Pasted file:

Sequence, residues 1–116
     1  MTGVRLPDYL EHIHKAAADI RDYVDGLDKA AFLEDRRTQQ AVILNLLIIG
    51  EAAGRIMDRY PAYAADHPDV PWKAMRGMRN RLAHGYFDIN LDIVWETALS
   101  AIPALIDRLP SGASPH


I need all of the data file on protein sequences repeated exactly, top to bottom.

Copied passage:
Sequence, residues 1–116
     1  MTGVRLPDYL EHIHKAAADI RDYVDGLDKA AFLEDRRTQQ AVILNLLIIG
    51  EAAGRIMDRY PAYAADHPDV PWKAMRGMRN RLAHGYFDIN LDIVWETALS
   101  AIPALIDRLP SGASPH